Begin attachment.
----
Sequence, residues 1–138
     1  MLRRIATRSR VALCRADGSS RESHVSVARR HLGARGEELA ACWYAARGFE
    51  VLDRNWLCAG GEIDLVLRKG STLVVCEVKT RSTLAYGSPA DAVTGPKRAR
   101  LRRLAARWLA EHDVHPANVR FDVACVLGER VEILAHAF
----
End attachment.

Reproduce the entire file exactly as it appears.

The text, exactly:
Sequence, residues 1–138
     1  MLRRIATRSR VALCRADGSS RESHVSVARR HLGARGEELA ACWYAARGFE
    51  VLDRNWLCAG GEIDLVLRKG STLVVCEVKT RSTLAYGSPA DAVTGPKRAR
   101  LRRLAARWLA EHDVHPANVR FDVACVLGER VEILAHAF